, Volume 67, Issue 4, pp 581-600
Date: 07 Nov 2009

Cerebral amyloidosis: amyloid subunits, mutants and phenotypes

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Abstract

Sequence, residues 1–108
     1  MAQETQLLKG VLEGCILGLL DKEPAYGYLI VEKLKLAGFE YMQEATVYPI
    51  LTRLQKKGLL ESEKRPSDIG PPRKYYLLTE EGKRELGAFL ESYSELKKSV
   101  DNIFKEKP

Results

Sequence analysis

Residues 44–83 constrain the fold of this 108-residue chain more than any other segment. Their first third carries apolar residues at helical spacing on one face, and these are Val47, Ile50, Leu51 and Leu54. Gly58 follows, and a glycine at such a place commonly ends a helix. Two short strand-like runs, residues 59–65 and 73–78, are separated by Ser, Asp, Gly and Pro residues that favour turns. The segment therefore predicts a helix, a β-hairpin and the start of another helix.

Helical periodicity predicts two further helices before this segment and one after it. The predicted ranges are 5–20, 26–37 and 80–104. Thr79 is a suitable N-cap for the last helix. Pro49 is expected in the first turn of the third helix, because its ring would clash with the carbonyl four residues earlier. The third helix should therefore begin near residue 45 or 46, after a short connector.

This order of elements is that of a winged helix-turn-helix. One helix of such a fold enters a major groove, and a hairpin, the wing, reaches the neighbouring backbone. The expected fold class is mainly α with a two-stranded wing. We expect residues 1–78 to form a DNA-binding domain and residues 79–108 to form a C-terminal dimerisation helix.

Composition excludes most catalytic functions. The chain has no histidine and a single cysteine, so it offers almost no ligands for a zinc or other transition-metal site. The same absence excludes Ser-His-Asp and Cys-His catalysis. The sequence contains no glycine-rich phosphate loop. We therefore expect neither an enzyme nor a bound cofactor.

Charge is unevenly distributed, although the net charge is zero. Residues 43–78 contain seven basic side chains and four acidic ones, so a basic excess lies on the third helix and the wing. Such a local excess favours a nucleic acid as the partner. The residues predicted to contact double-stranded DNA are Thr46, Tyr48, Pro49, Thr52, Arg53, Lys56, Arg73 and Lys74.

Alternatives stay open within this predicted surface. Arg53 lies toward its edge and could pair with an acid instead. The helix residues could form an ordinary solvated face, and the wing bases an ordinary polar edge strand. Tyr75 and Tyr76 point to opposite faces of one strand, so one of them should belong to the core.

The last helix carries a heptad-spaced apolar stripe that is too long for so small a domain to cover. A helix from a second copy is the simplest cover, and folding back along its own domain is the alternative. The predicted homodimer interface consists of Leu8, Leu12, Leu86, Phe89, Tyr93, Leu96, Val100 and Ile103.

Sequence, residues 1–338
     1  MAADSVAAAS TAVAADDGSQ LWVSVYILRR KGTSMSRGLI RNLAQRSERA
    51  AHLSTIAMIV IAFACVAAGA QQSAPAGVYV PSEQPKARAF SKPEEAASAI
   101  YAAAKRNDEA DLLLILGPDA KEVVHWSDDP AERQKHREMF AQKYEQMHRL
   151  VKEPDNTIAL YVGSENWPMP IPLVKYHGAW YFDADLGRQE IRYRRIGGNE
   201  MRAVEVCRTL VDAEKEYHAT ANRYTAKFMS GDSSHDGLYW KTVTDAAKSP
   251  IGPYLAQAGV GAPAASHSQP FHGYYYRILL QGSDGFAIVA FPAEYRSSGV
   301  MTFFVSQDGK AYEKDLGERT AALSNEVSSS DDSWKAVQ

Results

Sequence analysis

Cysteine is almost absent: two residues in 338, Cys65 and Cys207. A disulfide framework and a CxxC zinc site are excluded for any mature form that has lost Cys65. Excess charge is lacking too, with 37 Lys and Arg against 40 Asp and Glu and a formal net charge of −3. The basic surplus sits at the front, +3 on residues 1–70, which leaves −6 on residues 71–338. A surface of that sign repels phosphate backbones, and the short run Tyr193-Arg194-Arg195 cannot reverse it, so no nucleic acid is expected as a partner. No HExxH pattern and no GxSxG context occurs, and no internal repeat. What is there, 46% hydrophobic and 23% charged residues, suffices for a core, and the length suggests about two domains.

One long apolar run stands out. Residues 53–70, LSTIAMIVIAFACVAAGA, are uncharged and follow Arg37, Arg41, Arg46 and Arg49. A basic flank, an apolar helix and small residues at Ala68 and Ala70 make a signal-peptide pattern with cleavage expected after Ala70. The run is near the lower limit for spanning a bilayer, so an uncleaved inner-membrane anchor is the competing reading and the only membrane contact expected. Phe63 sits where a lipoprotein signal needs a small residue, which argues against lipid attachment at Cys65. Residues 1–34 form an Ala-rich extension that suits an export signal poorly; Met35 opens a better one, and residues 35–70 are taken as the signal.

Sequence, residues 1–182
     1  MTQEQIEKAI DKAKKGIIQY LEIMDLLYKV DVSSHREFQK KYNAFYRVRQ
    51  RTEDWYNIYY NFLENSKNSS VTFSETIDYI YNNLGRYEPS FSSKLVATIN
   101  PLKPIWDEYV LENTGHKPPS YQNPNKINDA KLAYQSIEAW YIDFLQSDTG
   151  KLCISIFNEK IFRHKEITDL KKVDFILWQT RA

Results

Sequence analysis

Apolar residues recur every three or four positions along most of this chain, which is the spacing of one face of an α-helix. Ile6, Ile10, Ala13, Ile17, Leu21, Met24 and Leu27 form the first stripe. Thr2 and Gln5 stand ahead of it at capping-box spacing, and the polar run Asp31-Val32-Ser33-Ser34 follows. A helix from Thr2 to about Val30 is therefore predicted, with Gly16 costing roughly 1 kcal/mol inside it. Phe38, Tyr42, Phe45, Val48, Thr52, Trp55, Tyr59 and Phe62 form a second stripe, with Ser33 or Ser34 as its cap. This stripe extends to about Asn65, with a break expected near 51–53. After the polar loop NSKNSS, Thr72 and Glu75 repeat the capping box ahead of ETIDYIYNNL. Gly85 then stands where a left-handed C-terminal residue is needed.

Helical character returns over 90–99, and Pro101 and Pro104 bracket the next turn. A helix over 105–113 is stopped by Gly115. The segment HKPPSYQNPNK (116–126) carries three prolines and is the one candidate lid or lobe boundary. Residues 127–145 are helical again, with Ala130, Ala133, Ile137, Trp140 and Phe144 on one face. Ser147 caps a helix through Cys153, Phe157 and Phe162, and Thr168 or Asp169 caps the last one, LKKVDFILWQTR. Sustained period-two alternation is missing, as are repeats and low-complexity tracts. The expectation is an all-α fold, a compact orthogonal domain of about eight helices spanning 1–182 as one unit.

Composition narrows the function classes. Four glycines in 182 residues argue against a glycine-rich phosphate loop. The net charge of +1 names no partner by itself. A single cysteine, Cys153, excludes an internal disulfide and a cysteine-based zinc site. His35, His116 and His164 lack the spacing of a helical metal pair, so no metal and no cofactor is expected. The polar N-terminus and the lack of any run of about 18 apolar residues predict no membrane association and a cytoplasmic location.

Cerebral amyloid diseases are part of a complex group of chronic and progressive entities bracketed together under the common denomination of protein folding disorders and characterized by the intra- and extracellular accumulation of fibrillar aggregates. Of the more than 25 unrelated proteins known to produce amyloidosis in humans only about a third of them are associated with cerebral deposits translating in cognitive deficits, dementia, stroke, cerebellar and extrapyramidal signs, or a combination thereof. The familial forms reviewed herein, although infrequent, provide unique paradigms to examine the role of amyloid in the mechanism of disease pathogenesis and to dissect the link between vascular and parenchymal amyloid deposition and their differential contribution to neurodegeneration.